Windmill Farms residents face the possibility of having to pay up to $9.6 million for a recommended water main replacement project to insure proper water service to the 379 residences in the development.
North Castle Assistant Water Superintendent Sal Misiti said last week the antiquated system, installed between the late 1940s and early 1960s when Windmill Farms was built in stages, has been plagued in recent years by breakdowns. It also is prone to inadequate pressure for its hydrants, particularly during peak hours when homeowners simultaneously use water for irrigation. Windmill Farms is located off of Route 22 in Armonk.
“The system is getting old and we’re pretty much past its useful life,” Misiti said.
During a presentation at the outset of the public hearing at the Aug. 15 North Castle Town Board meeting, Misiti said modern water systems must use pipes that are at least eight inches in circumference and maintain the 500-gallon per minute flow for each hydrant in the system during peak demand.
While the current pipes are made of asbestos cement, recent testing revealed that the water is safe to use, he said.
GHD Consulting Engineers completed a recent modeling study that recommended the installation of a new system be divided into primary and secondary priorities. There are currently 8.1 miles of pipe.
Residents who attended last week’s public hearing were concerned about the project’s expense and whether there were ways to trim costs or seek grants.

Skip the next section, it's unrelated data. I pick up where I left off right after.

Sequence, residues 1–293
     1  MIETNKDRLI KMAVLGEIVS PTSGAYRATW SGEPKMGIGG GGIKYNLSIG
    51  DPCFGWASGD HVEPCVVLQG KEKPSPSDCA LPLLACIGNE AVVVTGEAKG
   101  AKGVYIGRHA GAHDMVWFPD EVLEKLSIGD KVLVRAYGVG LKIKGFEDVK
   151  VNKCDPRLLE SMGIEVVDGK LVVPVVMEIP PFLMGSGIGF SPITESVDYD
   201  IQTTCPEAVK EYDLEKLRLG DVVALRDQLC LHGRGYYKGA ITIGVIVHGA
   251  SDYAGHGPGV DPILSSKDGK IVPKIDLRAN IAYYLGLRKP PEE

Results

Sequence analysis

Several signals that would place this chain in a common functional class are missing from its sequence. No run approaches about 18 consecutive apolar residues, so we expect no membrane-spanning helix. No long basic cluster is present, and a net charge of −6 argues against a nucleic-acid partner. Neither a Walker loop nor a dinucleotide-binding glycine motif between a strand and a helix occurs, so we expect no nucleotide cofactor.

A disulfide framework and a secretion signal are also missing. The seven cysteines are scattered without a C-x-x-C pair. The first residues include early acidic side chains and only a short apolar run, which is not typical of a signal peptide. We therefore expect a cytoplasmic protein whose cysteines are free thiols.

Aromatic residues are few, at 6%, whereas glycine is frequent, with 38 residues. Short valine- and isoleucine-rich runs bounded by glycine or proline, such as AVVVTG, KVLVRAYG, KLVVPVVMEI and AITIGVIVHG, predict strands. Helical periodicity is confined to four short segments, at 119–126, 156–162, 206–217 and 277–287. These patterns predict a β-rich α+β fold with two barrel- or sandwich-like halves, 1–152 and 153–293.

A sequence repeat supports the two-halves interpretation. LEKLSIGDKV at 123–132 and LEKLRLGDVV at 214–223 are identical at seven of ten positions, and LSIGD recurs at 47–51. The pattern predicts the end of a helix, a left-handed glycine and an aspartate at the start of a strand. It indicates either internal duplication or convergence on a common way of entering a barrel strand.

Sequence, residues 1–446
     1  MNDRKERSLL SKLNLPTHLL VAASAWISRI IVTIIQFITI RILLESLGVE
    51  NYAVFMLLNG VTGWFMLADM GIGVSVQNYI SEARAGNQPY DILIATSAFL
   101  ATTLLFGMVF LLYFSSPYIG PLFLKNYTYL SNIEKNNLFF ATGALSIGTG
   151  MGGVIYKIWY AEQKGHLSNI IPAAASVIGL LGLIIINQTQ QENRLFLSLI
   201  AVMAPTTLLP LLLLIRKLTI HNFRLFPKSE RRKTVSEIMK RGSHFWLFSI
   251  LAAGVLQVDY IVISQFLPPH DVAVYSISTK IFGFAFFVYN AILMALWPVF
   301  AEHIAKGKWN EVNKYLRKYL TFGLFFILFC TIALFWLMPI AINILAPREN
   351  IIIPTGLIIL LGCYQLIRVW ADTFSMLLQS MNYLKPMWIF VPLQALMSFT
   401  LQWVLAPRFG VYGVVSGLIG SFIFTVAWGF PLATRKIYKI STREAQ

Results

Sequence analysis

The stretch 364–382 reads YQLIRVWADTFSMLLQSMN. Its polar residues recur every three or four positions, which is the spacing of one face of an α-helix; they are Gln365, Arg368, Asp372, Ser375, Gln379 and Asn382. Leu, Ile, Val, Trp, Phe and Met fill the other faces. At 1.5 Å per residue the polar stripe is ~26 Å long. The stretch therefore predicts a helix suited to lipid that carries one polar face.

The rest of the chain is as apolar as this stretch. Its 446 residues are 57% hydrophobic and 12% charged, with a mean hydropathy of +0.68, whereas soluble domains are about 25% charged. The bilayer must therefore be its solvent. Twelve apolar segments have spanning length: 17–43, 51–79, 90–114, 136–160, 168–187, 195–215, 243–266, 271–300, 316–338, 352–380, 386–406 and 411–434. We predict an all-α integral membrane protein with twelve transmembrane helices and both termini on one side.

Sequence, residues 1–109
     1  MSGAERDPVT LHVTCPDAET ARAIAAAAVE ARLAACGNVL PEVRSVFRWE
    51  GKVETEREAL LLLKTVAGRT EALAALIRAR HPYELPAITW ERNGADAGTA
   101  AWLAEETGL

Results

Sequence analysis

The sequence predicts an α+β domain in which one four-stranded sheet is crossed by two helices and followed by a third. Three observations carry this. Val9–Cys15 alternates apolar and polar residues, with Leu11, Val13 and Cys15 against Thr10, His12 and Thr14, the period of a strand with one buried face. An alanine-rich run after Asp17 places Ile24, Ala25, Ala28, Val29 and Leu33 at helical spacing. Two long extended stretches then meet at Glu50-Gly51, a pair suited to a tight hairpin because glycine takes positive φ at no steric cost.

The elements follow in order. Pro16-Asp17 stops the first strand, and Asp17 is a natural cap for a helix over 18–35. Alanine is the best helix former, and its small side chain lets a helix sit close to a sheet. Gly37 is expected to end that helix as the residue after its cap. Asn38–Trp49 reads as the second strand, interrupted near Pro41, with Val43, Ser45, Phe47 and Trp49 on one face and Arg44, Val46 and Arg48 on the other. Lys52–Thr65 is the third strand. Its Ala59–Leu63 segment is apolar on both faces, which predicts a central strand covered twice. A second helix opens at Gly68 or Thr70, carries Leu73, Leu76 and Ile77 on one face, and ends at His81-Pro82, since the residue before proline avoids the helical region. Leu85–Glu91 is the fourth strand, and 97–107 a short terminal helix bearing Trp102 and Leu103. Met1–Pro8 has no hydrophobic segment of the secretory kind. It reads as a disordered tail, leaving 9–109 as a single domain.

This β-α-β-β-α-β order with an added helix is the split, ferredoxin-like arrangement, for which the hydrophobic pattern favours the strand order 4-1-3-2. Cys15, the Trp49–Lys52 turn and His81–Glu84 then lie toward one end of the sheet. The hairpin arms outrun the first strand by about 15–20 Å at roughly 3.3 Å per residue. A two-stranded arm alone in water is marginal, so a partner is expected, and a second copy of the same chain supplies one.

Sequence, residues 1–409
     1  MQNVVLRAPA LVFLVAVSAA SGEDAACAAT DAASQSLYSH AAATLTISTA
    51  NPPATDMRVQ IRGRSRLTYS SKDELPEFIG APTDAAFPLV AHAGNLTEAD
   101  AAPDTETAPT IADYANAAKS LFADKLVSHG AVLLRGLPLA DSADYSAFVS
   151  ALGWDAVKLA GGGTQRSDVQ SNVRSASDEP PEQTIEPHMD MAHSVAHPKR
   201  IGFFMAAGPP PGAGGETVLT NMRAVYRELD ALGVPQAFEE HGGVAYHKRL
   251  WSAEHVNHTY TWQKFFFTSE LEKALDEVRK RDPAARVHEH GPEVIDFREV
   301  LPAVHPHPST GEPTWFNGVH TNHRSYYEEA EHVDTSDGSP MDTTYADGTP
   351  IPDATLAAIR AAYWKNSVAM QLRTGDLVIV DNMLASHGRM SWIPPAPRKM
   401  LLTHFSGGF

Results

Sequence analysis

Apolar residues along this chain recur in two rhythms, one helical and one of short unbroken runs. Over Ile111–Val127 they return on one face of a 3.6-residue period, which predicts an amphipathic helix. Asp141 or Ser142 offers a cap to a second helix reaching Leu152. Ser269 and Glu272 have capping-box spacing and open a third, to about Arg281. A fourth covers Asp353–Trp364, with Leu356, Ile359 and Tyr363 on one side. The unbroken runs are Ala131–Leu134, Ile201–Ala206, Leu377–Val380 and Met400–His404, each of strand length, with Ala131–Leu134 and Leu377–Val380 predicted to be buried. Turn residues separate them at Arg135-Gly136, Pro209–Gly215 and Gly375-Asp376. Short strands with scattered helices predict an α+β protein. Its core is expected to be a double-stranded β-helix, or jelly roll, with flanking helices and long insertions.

Windmill resident Pete Coviello said the town should consider developing a questionnaire to gauge feedback from the homeowners who now face the possibility of a steep expense.
“Maybe replacing the whole system is a great idea,” Coviello said. “I just don’t think we should be moving ahead quite so quickly.”
The expense for the first year for the typical single-family homeowner in Windmill Farms would be $2,903.
Misiti said the current $9,640,000 million price tag was an educated guess since it isn’t known how much rock would have to be removed, one of the more expensive parts of the project. It also assumes a 4 percent interest rate, said Supervisor Howard Arden. It is expected that the interest rate would be lower than that, probably at least half a point less, he said.
“The figure (for the project) is going to be much more accurate by the time we go out to borrow the money,” Arden said.
The town board would have to authorize a 25-year bond for the project. Arden said although the board has the final decision whether to move ahead, it is looking for input from Windmill residents.
Resident Jeffrey Allen asked officials if the final cost is much lower whether Windmill would have the option of prepaying the loan obligations. He was told that option exists.
Other residents asked whether the Byram Hills School District and Brynwood Country Club should be contributing toward the capital project since they are tapping into the water district. The nearby Coman Hill Elementary School uses the district’s water as does Brynwood for its clubhouse. The country club does not irrigate its golf course with district water.
The two entities use a combined 10 percent of the nearly 45 million gallons of water sold each year, Misiti said, but pay double the rate of district homeowners.
If the town board decides to move ahead, construction could tentatively begin next May and last up to two years. Before that, a Request for Proposal for engineering services must be put out followed by a bid award. Then there would the design phase, bidding of the construction work and award of the contract.
The board adjourned the hearing until Sept. 12.